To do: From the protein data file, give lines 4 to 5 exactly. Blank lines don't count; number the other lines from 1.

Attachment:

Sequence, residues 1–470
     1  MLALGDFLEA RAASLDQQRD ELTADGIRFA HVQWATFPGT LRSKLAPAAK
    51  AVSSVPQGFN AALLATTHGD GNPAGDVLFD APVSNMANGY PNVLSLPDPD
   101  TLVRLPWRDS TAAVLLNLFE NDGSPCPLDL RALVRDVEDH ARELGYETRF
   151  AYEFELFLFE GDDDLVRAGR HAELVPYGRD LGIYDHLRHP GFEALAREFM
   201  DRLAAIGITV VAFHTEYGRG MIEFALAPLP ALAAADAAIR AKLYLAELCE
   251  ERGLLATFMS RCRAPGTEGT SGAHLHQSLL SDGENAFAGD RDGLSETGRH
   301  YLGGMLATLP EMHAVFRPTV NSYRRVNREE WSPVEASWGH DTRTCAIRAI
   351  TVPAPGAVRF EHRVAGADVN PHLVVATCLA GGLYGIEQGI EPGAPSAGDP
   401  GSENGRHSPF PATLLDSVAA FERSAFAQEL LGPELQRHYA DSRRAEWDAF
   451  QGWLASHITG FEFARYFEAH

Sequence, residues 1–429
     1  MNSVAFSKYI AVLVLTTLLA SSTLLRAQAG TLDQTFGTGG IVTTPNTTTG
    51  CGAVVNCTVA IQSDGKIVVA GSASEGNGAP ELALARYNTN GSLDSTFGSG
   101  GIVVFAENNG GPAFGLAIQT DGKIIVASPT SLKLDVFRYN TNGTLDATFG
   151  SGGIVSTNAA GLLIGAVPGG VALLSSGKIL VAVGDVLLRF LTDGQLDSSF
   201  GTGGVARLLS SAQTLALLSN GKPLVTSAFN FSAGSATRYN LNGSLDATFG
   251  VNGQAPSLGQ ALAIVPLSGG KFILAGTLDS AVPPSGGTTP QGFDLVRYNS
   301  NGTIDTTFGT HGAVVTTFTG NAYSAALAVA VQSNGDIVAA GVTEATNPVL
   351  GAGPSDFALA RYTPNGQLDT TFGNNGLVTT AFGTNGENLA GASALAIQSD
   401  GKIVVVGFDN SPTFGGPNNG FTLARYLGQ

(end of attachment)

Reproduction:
   101  TLVRLPWRDS TAAVLLNLFE NDGSPCPLDL RALVRDVEDH ARELGYETRF
   151  AYEFELFLFE GDDDLVRAGR HAELVPYGRD LGIYDHLRHP GFEALAREFM